I've lost count of the number of times I've reread Harry Potter. And this is mainly because every time I reread one book in the series, I HAVE to reread the others. Plus, I reread the entire series countless times in the run up to Harry Potter and the Deathly Hallows. As for The Knife of Never Letting Go I read this back when it was first published and so ended up rereading it a couple of times (before each new book in the trilogy was released).

II. If it's a REALLY good fantasy novel
Escapism, as I mentioned in this post, is one of the main reasons I read fantasy. So, naturally, a really good fantasy book earns a reread if I just want to escape to the world in question (e.g. The Hobbit. Harry Potter and The Night Circus). Needless to say, I can see myself rereading The Final Empire many times in the future…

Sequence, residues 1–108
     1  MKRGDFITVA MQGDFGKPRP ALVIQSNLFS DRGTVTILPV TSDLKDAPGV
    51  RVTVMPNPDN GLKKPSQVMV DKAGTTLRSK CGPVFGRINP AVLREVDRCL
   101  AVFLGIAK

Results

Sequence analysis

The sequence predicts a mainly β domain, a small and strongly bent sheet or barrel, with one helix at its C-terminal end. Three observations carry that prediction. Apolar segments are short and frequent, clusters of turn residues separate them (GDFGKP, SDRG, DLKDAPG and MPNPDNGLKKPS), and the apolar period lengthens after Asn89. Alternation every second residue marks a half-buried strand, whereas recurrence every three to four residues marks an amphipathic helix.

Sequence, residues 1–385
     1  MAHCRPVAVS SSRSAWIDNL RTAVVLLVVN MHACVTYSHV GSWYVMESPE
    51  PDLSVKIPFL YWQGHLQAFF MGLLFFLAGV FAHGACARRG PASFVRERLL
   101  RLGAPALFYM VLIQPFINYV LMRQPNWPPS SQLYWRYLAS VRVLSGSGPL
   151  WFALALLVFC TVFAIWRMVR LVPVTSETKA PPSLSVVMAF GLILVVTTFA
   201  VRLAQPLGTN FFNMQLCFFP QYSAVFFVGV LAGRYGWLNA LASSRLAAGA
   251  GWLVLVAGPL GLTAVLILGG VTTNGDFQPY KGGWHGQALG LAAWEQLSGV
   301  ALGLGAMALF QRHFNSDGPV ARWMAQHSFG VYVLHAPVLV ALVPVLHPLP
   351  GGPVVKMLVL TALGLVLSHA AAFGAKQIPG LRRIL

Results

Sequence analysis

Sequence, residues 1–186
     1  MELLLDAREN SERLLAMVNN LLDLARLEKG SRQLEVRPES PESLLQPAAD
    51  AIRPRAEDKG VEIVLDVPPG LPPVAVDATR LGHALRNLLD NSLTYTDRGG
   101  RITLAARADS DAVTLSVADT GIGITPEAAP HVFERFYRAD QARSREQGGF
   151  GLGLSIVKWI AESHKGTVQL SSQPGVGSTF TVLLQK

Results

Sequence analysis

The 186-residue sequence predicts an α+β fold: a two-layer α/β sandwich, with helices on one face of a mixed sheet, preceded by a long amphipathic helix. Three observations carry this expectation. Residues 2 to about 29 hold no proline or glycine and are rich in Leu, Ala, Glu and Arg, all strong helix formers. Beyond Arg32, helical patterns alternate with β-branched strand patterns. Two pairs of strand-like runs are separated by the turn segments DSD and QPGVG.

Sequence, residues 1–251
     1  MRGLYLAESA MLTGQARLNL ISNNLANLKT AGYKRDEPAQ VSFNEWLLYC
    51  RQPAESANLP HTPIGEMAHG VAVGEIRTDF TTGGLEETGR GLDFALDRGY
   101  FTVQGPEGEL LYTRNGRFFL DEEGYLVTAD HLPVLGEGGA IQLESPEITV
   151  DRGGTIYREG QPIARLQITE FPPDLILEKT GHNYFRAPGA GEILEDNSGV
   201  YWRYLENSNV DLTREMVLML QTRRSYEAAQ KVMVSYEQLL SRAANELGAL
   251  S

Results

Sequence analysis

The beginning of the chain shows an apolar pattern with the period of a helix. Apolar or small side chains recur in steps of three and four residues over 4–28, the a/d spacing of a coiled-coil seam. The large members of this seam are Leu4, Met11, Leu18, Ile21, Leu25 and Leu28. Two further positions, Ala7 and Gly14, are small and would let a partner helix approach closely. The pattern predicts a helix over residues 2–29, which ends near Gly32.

III. If it's a classic
Generally, I find myself rereading classics a couple of times. This is not because I think that ALL classics are perfect, but because on the first read I'm too wrapped up in the plot to notice the symbolism and different themes etc.


Do you reread books often? If so, why? And if not, why not? And which books are your most reread books? (I'm guessing Harry Potter for most).

June 2014 Wrap Up

A few of the books I started this month but had to put on hold because of exams – to be finished in July!